Memorials
1299

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Centre for Metropolitan History

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Author

H. T. Riley (editor)

Year published

1868

Supporting documents

Pages

40-42

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'Memorials: 1299', Memorials of London and London Life: In the 13th, 14th and 15th centuries (1868), pp. 40-42. URL: http://www.british-history.ac.uk/report.aspx?compid=57644 Date accessed: 21 November 2014.


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Punishment for defaming the Aldermen.

27 Edward I. A.D. 1299. Letter-Book B. fol. 38. (Latin.)

On Tuesday next after the Feast of St. Matthias the Apostle [24 February], in the 27th year of the reign of King Edward, it was agreed by Henry le Galeys, Mayor, and the Aldermen, that Strago the sweeper of litter in the Ward of Chepe, should be taken and imprisoned until etc.; because he, the said Strago, had scandalized the Aldermen, by saying that they take the money of the commonalty at the Guildhall under pretext of wardship of orphans, and then waste such money for their own profit. And he was committed to the Tun, (fn. 1) until etc., at discretion of the Mayor.

Suspension, and pardon, of a Ward Bedel.

27 Edward I. A.D. 1299. Letter-Book B. fol. 38. (Latin.)

Hugh, Bedel of the Ward of Bradestrate, (fn. 2) who had been removed from his office by Henry le Galeys, then Mayor, for a certain trespass against him, the Mayor, committed; being now pardoned, was restored to his office by the said Mayor, William de Leyre, Nicholas Pyckot, Nicholas de Farindone, and other Aldermen, on the Thursday next after the Feast of St. Pancras [12 May], in the 27th year [of King Edward].

Conduct of the Sheriffs to the Mayor.

27 Edward I. A.D. 1299. Letter-Book B. fol. 38. (Latin.)

Be it remembered, that on Friday in the week of Pentecost, in the 27th year of the reign of King Edward, in presence of Geoffrey de Norton, Adam de Fulham, Thomas de Romeyn, William de Betoine, William le Mazerer, Nicholas de Farindone, Walter de Fin[chin]gfeud, William de Leyre, Richard de Gloucestre, Nicholas Pyckot, Adam de Hallingbyry, John Wade, and John de Donestapil, Aldermen, appeared Richer de Refham and Thomas Sely, the Sheriffs; and granted that if they, while holding the Shrievalty of London, should in future be convicted of having in contempt committed trespass, either by deed or word, against Sir Henry le Galeys, while Mayor of London, they being such Sheriffs, then in such case, they shall be bound to pay to the commonalty of London 100 pounds; one half of the same to be paid in the Chamber of the Guildhall of London, to the use of the said commonalty, and the other half to the wardens of London Bridge, towards the repairs of the same.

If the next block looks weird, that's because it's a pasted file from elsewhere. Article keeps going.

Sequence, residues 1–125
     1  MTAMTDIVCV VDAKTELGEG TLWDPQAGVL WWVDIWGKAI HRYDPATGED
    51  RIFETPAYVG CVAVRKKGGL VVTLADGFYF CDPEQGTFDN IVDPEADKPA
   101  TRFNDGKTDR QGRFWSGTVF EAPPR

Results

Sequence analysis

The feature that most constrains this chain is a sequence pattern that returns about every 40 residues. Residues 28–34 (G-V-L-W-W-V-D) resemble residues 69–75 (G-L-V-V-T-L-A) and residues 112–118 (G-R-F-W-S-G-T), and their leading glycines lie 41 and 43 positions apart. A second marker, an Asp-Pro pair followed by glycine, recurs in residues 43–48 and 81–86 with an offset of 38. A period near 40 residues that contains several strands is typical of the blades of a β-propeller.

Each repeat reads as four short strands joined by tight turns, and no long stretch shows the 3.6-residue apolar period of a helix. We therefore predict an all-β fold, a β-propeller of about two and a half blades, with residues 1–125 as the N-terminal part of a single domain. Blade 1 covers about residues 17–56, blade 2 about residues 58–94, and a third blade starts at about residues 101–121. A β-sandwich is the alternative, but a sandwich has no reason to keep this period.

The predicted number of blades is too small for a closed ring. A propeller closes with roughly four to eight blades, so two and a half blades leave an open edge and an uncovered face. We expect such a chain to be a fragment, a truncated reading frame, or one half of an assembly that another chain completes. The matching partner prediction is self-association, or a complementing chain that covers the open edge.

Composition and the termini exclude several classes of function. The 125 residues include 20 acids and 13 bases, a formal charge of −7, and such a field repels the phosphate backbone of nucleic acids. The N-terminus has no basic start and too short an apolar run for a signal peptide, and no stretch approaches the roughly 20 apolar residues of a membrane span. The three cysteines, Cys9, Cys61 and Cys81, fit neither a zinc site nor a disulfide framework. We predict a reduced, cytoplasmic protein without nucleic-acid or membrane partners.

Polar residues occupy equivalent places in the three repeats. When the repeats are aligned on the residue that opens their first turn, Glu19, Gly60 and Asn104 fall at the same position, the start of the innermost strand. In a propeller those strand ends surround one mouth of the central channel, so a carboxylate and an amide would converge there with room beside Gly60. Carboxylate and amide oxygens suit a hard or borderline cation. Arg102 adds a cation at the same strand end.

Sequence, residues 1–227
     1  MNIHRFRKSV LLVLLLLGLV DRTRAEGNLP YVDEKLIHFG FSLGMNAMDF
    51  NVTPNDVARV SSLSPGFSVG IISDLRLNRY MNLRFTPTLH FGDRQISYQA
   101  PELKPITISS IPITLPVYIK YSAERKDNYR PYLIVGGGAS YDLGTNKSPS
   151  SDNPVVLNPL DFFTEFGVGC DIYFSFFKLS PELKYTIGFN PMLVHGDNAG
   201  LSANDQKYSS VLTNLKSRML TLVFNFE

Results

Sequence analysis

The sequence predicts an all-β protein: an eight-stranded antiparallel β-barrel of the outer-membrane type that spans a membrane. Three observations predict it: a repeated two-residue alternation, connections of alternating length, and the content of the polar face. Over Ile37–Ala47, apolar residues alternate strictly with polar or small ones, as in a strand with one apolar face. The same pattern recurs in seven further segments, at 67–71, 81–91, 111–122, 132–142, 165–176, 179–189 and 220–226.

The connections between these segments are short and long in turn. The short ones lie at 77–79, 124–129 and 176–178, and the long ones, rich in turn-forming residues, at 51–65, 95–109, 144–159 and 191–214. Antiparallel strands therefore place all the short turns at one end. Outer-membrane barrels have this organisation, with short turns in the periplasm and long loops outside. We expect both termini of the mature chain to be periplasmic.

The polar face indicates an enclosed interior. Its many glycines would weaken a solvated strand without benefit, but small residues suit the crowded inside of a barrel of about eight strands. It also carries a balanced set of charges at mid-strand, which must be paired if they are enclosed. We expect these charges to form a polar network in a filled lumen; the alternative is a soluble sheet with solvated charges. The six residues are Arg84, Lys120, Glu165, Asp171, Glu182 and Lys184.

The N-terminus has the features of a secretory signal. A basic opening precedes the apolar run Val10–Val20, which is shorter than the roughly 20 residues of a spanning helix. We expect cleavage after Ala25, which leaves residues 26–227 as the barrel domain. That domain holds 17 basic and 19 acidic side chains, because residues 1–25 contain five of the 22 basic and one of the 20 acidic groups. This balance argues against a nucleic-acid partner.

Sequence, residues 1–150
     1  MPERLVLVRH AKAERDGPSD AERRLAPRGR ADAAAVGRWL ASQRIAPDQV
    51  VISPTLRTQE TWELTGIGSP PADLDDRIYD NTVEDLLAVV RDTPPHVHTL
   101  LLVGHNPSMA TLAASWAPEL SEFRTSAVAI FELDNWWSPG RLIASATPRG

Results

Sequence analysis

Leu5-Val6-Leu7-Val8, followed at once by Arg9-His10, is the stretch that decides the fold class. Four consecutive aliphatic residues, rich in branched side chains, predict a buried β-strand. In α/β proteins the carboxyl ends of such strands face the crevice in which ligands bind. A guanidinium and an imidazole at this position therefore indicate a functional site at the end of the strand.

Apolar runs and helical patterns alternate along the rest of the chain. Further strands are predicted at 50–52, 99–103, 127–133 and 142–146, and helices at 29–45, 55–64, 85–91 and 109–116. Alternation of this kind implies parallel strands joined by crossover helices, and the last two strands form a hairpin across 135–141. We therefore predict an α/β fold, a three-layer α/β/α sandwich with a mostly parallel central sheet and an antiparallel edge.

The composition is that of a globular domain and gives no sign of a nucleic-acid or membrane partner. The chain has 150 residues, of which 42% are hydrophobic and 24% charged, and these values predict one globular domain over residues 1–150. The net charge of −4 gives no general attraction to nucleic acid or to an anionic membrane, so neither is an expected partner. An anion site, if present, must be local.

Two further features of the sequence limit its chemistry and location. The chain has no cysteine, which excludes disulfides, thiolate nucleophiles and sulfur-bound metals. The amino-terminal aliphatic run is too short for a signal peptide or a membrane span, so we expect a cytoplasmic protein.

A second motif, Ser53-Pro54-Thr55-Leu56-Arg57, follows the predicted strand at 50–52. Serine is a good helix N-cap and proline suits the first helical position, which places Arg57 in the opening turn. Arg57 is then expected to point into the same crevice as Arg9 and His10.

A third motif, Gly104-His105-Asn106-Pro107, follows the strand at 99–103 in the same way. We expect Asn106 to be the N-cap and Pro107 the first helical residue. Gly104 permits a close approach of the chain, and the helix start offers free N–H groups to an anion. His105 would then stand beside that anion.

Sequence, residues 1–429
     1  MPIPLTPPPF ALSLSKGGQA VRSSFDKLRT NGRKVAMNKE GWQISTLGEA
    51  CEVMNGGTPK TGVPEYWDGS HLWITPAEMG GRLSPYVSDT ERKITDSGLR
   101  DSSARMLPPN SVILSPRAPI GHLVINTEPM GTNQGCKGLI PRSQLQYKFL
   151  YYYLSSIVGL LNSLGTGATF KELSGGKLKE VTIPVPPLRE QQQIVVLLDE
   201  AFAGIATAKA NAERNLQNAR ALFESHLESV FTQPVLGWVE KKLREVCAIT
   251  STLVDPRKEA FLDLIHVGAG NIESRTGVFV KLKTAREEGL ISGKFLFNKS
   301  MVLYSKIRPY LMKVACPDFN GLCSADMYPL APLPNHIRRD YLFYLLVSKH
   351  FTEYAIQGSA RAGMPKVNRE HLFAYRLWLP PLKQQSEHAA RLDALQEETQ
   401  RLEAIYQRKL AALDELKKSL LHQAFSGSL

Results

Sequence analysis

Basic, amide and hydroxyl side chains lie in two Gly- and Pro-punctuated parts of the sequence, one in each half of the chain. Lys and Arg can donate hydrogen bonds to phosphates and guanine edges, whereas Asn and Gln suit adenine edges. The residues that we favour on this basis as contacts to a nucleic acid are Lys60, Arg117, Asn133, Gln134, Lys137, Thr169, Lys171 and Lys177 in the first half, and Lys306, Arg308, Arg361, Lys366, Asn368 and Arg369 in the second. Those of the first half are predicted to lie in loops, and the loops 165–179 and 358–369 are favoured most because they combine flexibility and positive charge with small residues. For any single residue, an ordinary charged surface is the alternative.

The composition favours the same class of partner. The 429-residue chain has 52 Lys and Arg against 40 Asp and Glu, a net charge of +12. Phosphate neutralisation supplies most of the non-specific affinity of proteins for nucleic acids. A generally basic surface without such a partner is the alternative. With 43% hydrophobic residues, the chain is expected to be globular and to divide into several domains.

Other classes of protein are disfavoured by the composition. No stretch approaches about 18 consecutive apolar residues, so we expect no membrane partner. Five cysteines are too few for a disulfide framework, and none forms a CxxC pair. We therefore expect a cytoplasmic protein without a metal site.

Donation to the Brethren of the Pui, for a Chaplain at the new Chapel of the Guildhall.

27 Edward I. A.D. 1299. Letter-Book E., first fly-leaf. (fn. 3) (Latin.)

Common Pleas holden on Monday the morrow of the Holy Trinity in the 27th year of the reign of King Edward, son of King Henry.—

At this Court, Henry le Waleys gave and granted unto the Brethren of the Pui 5 marks of yearly quit-rent, to be received from all his tenements in London, towards the support of one Chaplain celebrating divine service in the new Chapel at the Guildhall of London.

Footnotes

1 A round prison, so called, on Cornhill. Prisons are said hence to have had the name of "round house."
2 Broad Street.
3 An entry made in probably the latter part of the succeeding reign. This Society of the Pui was a brotherhood of French and English traders in London, united for certain charitable purposes, and the cultivation of music and poesy: the original society being said to have been formed at the city of Puy in Auvergne. In the Liber Custumarum, preserved at Guildhall, a very curious code of their rules and regulations is given: (see page 216 of the printed edition, and page xlviii of the Introduction to that volume). From this we learn that the Society had received from the City great privileges in respect of the Chapel of St. Mary near Guildhall, which was building towards the close of the reign of Edward I. Hence this donation in its favour by Sir Henry le Waleys, who had been Mayor both of London and Bordeaux; and in this latter capacity would no doubt have felt an additional interest in this musical society of French merchants and their English friends.


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